Tropical Urbanism – Supporting a City in a Rainforest

Study awarded highest honour at National Planning Awards

In Cairns, the relationship between built form, city planning and landscaping is expressed as Tropical Urbanism and is a defining characteristic of the region’s identity.

The Tropical Urbanism: Cairns City Image Study was a combined effort of Cairns Regional Council and a consultancy team comprising Tract Consultants, Follent, Peddle Thorp and local firms CA Architects and Total Project Group Architects.

3D of the Abbot Street Hotel by CA Architects

Tropical Urbanism was incorporated into the CairnsPlan 2016, which was adopted in March 2016 with the inclusion of assessment criteria for development in a number of codes and a supporting Planning Scheme Policy (The Policy) to provide additional guidance.

The Policy includes requirements for development to achieve 15% vertical landscaping and 50% shading on each façade, as well as separation and promotion narrow buildings for ventilation, increased heights and a generous street canopy to provide ventilation and shading and allow for pedestrian movement in response to tropical climatic considerations.

The policy has been well accepted by industry, winning the 2017 National PIA Award for Planning Excellence – the highest accolade for planning in Australia. This followed success in two Queensland PIA awards, including the Best Overall Award for Planning Excellence across all categories. Judges commented that “the study represents a significant contribution of tropical expertise that can be offered, transferred and adapted to suit the needs of other tropical cities, with Cairns defining itself as a leader worldwide in the area of Tropical Urbanism”.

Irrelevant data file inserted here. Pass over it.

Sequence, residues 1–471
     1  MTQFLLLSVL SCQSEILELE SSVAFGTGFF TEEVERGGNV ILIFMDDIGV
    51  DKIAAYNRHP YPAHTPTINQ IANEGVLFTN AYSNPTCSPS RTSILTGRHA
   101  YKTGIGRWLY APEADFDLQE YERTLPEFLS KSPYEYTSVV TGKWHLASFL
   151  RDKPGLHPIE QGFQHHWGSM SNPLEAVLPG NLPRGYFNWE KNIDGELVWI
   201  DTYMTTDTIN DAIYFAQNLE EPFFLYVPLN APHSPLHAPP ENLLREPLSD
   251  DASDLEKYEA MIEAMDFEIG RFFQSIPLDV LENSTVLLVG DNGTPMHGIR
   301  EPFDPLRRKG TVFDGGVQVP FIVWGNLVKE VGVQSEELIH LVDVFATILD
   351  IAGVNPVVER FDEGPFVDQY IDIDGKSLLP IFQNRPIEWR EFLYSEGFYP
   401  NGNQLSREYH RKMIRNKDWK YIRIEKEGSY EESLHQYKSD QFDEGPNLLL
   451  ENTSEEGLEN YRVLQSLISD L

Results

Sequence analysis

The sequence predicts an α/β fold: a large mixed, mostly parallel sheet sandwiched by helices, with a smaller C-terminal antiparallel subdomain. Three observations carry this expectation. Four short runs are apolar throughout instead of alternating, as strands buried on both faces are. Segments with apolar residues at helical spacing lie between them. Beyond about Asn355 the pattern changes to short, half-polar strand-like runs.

Local Architects have embraced the policy, with several planning applications having been made under the CairnsPlan 2016 that will result in improved urban place and tropical design outcomes. This will result in enhanced aesthetics, shading, sustainability, increased landscaping in the horizontal and vertical planes and improved amenity, leaving a great legacy for planning in the City

The policy encourages designs that better reflect the sense of place and Biophilia, or connection with nature, which can energise residents and the experience of tourists visiting Cairns’ unique tropical environment.

One example is the Abbott Street hotel and apartment building by CA Architects which has been designed to explicitly embrace the principles of tropical urbanism whilst capturing the flavour of Cairns. An architecture of high canopies, filtered shadows, water play and large volumes capture the essence of the rainforest and reef, blurring the lines between indoors and outdoors. The activated street fronts, covered public spaces and landscaped edges provide a uniquely Cairns experience.

To support the implementation of the policy, particularly the provision for 15% vertical landscaping, Council intends to engage further with the building and construction industry to explore how to the policy may be further refined through guidance on species selection, vertical gardens, podium planting, and shading devices.

Cairns is currently developing a new City Centre Master Plan, which will further integrate Tropical Urbanism principles into the urban domain through a series of identified urban design projects.

The Tropical Urbanism Policy provides a framework to express the unique tropical environment on two levels; firstly by providing a physical representation of the brand of Cairns as a City in the Rainforest (where rainforest meets the reef); and secondly by ensuring that the urban domain remains climatically responsive and is a place that people want to live and visit in generations to come.

This article was kindly provided by Sophie Barrett, Coordinator Strategic Planning, Economic Development & Sustainability, Cairns Regional Council

How urban bushland improves our health and why planners need to listen

Urban bushland has health benefits beyond being a great place to go for a walk. It filters our air and water, helps cities avoid extremes in temperatures, and is linked to lower rates of chronic disease.

But these and other health benefits are virtually never accounted for in local and state land development processes.

Urban planners need to consider these health benefits when making decisions about the future of our cities.

Urban bushland, like this in the Western Australian city of Joondalup, provides health benefits to locals who access it and the wider population. Author provided